D.J. Rosario and colleagues in their recent paper, presented a plausible scenario that connects the windy dust to the reddening of the red quasars and their radio properties. They postulated that, dusty winds are widespread among red quasars, and the shocks that these winds drive into the interstellar medium of their host galaxies are responsible for the particular radio properties of red quasars. Their study recently appeared in Arxiv.
A quasar also known as a quasi-stellar object (QSO), is an extremely luminous active galactic nucleus (AGN), in which a supermassive black hole with mass ranging from millions to billions of times the mass of the Sun is surrounded by a gaseous accretion disk. As gas in the disk falls towards the black hole, energy is released in the form of electromagnetic radiation, which can be observed across the electromagnetic spectrum.
Red quasars are quasars with optical colors that are redder than normal/blue quasars, thought to be the result of moderate levels of dust extinction within the quasar host galaxy. As the colours of red quasars are not as distinct as those of normal or blue quasars, they can be difficult to separate photometrically from stars and compact galaxies. Earlier strong radio emission was used to select and study red quasars. Overtime, growing evidences suggested that redder quasars were associated with a high fraction of radio sources, though, clear conclusions were elusive.
In previous studies, D.J. Rosario and colleagues demonstrated that red quasars have distinct radio properties that fundamentally distinguish them from blue quasars, specifically, a higher incidence of low-power radio emission (1.4 GHz luminosities L1.4≈ 1025 – 1027 W Hz¯1) that is physically compact when imaged by arcsecond-resolution radio surveys such as FIRST.
“We present e-MERLIN imaging of a set of intermediate-redshift, luminous red and normal quasars carefully selected to have radio properties that span the range over which red quasars show the most divergence from the general population. With an angular resolution ×25 better than FIRST survey, we resolve structures within the host galaxies of these quasars (>2 kpc).”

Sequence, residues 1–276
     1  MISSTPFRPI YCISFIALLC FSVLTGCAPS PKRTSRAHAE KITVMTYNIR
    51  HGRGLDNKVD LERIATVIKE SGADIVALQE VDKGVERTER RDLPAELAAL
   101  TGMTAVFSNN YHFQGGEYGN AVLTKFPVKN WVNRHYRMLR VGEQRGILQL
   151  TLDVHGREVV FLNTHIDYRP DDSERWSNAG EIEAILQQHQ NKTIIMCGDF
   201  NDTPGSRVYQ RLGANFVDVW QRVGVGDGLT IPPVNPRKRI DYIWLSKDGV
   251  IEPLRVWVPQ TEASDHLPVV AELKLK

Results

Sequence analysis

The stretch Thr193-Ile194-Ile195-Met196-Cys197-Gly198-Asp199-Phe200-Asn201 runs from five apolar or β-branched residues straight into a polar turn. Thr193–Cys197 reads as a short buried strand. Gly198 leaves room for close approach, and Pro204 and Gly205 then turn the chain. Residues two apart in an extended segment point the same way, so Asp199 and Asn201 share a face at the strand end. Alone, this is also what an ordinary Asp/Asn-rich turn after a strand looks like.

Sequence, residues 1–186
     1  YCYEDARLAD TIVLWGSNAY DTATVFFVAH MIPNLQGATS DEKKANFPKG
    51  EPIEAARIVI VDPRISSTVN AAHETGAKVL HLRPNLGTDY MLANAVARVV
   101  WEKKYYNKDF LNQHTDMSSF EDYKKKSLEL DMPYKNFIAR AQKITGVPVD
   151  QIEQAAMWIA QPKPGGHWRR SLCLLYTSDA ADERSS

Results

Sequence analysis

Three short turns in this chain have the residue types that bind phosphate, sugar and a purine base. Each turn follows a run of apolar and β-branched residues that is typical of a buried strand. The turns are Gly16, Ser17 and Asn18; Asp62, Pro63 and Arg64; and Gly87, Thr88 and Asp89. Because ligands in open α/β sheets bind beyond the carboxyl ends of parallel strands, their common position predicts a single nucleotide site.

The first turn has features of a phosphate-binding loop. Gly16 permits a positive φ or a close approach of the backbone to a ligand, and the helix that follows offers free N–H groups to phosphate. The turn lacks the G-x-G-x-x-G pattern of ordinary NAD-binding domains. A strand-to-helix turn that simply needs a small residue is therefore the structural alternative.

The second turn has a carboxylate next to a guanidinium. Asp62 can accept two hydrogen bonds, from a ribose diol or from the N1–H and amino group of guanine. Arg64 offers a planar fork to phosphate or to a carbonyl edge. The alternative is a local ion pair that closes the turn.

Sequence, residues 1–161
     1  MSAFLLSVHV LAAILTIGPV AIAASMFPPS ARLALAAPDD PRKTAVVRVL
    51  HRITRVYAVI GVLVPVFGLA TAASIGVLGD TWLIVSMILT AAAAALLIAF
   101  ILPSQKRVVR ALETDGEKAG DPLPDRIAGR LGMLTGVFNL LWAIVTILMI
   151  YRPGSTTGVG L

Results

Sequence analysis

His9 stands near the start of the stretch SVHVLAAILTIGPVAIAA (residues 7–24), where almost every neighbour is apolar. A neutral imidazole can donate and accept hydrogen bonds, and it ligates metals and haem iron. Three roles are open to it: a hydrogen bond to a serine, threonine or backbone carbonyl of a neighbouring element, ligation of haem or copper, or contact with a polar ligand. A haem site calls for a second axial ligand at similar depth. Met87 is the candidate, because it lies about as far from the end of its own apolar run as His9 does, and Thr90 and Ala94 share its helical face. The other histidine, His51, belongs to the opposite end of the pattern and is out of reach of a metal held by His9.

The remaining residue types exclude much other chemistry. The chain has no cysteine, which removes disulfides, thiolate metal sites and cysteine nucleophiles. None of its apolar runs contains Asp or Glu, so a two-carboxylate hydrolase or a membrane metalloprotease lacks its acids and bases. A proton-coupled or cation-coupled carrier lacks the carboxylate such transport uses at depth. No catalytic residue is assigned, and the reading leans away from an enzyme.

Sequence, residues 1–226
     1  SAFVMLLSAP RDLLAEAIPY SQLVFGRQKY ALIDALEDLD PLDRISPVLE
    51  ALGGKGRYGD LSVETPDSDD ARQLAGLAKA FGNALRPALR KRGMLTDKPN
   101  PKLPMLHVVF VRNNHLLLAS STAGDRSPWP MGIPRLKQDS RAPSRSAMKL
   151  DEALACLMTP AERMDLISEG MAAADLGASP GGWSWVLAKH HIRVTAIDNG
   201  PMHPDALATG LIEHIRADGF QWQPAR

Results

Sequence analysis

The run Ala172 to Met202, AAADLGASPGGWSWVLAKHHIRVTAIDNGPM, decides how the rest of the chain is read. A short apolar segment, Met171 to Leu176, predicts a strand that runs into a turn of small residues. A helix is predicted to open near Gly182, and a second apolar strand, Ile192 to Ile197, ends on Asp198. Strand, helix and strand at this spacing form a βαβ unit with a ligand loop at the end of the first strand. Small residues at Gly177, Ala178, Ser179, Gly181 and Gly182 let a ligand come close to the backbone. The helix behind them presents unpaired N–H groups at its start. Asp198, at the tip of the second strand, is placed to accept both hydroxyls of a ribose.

Now, they carried out a careful and controlled study on the radio properties of red quasars. They found a much higher detection rate of radio sources among red quasars compared to equally luminous blue quasars at the same redshifts. This result is attributable to a substantial excess of radio compact sources among red quasars, with relativity low radio powers (L1.4< 1027 W Hz¯1, where L1.4 is the integrated rest-frame 1.4 GHz radio luminosity of a radio source).
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“We found that the excess radio emission in red quasars can be attributed to radio structures that are confined to galaxy scales (< 10 kpc), while we confirmed previous results that red and blue quasars have similar incidences of radio jets and lobes on circumgalactic or larger scales (> 10 kpc).”
Their results indicated that the primary mechanism that generates the enhanced radio emission in red quasars is not directly connected with the nuclear engine or accretion disc, instead it is likely to arise from extended components such as AGN-driven jets or winds.
“Since the key feature that defines radio quasars is the presence of moderate dust extinction towards their nuclei, we postulate that dusty winds are widespread among red quasars, and the shocks that these winds drive into the interstellar medium of their host galaxies are responsible for the particular radio properties of red quasars.”— concluded authors of the study
Reference: D.J. Rosario, D.M. Alexander, J. Moldon, L. Klindt, A.P. Thomson, L. Morabito, V.A. Fawcett, C.M. Harrison, “Fundamental differences in the radio properties of red and blue quasars: kiloparsec-scale structures revealed by e-MERLIN”, Arxiv, pp. 1-21, 2021. https://arxiv.org/abs/2106.02646
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